The Boston Phoenix
February 12 - 19, 1998

[Dance Reviews]

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Untamed Shrew

Andrei Serban's ART production is a wild ride

by Carolyn Clay

THE TAMING OF THE SHREW, By William Shakespeare. Adapted and directed by Andrei Serban. Set design by Christine Jones. Costumes by Catherine Zuber. Lighting by Michael Chybowski. Sound by Christopher Walker. With Harry S. Murphy, Patricia Kelley, Dmetrius Conley-Williams, Scott Harrison, Benjamin Evett, Jeremy Geidt, Will LeBow, Kristin Flanders, Jason Weinberg, Caroline Hall, Michael Cecchi-Azzolina, Don Reilly, Stephen Rowe, Remo Airaldi, Robert Brustein, and Danielle Delgado. Presented by the American Repertory Theatre at the Loeb Drama Center, in repertory through March 21.

Taming of the Shrew Acclaimed director Andrei Serban's last outing for the American Repertory Theatre, nine years ago, was Twelfth Night. Now he thinks all Shakespeare plays are subtitled What You Will. Serban's eclectic staging of The Taming of the Shrew is nothing if not freewheeling. A journey from Pisa to Padua to Verona, from Plautus to Dante to commedia to Pirandello, from male chauvinist piggery to marital complicity to same-sex pairing, it was characterized by ART artistic director Robert Brustein on opening night as "Mr. Toad's Wild Ride." Whereupon you could almost hear a certain star of the international avant-garde shout "ribbit" in Romanian.

You know you're not at the old Globe Theatre anymore when the lights dim and a bandage-bound female figure -- a cross between an alien and a mummy -- hobbles across the stage to the strains of "I Hate Men" from Kiss Me Kate, the 1948 Cole Porter musical built around Shakespeare's early, notoriously sexist comedy. By the time "Mr. Toad" hits the brakes of the large yellow ART-touring-company bus that serves the production as both bandwagon and inner stage, he has thrown everything at the play but -- as most feminists would have him do -- the book.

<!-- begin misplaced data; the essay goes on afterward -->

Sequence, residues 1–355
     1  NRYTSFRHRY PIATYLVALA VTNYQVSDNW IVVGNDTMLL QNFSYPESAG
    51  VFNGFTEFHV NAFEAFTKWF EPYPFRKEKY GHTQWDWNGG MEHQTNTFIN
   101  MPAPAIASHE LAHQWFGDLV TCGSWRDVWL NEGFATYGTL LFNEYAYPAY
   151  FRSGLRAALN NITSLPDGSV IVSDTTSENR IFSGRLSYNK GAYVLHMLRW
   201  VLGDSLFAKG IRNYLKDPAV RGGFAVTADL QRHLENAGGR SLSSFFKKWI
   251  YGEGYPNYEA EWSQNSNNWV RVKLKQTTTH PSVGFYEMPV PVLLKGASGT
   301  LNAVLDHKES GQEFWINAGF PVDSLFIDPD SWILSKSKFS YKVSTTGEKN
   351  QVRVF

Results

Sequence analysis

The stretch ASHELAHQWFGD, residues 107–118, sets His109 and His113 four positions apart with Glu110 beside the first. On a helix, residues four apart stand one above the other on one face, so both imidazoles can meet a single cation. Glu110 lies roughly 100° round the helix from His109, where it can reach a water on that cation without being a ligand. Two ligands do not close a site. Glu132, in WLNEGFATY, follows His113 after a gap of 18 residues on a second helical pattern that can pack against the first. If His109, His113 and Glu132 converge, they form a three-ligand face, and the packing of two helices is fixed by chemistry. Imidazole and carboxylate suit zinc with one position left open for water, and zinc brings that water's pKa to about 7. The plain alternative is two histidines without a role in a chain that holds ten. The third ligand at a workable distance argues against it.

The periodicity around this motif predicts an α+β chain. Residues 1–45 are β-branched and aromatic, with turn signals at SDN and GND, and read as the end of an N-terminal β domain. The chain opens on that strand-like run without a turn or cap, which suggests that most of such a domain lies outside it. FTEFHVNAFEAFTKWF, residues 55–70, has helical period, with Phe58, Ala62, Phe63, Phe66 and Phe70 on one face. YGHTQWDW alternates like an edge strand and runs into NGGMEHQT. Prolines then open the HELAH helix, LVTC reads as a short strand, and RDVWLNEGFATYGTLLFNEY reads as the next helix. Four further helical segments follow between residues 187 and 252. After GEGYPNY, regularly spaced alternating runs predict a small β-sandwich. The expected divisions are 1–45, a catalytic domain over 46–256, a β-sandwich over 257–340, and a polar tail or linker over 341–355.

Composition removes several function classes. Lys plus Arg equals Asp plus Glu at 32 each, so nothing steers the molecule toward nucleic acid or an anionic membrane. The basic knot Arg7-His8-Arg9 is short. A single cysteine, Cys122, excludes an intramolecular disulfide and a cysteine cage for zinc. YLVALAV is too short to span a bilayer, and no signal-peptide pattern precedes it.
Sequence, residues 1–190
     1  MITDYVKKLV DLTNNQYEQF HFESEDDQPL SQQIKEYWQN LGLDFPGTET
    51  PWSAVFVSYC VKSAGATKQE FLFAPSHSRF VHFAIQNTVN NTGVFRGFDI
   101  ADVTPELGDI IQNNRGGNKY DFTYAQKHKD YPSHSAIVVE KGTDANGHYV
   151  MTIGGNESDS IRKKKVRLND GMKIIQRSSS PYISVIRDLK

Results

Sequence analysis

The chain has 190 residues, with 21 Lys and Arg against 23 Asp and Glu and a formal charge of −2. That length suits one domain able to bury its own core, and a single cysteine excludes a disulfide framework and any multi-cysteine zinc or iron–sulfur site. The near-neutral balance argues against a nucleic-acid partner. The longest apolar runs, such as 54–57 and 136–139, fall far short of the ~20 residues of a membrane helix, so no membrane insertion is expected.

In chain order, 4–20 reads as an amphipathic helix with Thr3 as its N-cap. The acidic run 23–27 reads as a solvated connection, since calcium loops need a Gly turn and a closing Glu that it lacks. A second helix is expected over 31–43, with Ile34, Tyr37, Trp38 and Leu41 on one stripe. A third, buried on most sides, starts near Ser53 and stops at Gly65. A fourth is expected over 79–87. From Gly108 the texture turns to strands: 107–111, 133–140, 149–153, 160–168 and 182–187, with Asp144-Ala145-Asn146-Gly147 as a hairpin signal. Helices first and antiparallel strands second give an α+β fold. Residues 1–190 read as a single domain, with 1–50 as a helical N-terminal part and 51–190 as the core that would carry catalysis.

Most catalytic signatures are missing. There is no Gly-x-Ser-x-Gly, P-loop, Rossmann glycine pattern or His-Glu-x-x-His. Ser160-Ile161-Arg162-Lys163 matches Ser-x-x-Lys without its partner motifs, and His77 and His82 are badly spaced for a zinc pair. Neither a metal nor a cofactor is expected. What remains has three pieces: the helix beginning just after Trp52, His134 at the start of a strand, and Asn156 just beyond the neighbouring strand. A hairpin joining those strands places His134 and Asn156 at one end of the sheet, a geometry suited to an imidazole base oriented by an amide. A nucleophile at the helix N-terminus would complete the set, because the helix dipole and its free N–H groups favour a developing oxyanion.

Many of Serban's ornamentations are ingenious; some are hilarious -- and certainly in keeping with the crudeness Shakespeare built into this comedy. The geometric set design, erected around and before that bus by Christine Jones, is striking; Catherine Zuber's costumes are wickedly whimsical; lighting designer Michael Chybowski contributes boldly to effects that hover between David Hockney and cartoon. And the director has in Don Reilly and Kristin Flanders, who first threw their combined Life Force our way in last season's ART Man and Superman, a couple of superb actors to play Katharina and Petruchio.

Moreover, Serban has retained the oft-cut "Induction" that makes The Shrew (performed here by the ART on tour) part of an elaborate joke played on a drunken tinker named Christopher Sly. He has even added an alternative ending -- from a source or a ripoff called The Taming of a Shrew -- that renders the Induction a frame. This makes The Taming of the Shrew less a primer for male supremacists than the ultimate male fantasy, as conjured in sodden sleep by a bibulous lout. Good trick!

Serban also has some intriguing ideas about the marital and metaphysical aspects of the play. He seeks to soften the play's sexism, without winking at it, by reaching down under the pratfalls and sadistic shenanigans to unearth a medieval mystery about the soul submitting to the spirit. As Dartmouth College professor Peter Saccio points out in an essay printed in the ART News, the structure of Shakespeare's society was not egalitarian but hierarchical: someone had to be on top for order to thrive. In Petruchio's phrase, "Marry, peace it bodes, and love, and quiet life,/An awful rule, and right supremacy,/And, to be short, what not that's sweet and happy."

In pop-psychological terms, Serban's reading has Katharina discovering the delights of taming her "inner shrew" by projecting her unhappiness with it onto Petruchio. After prowling through the early scenes in a sort of devil/cat suit, brandishing both tongue and whip more for self-protection than assault, Flanders's Katharina does indeed seem freer, jauntier, once she learns to play her husband's game. Even her spiked hair relaxes.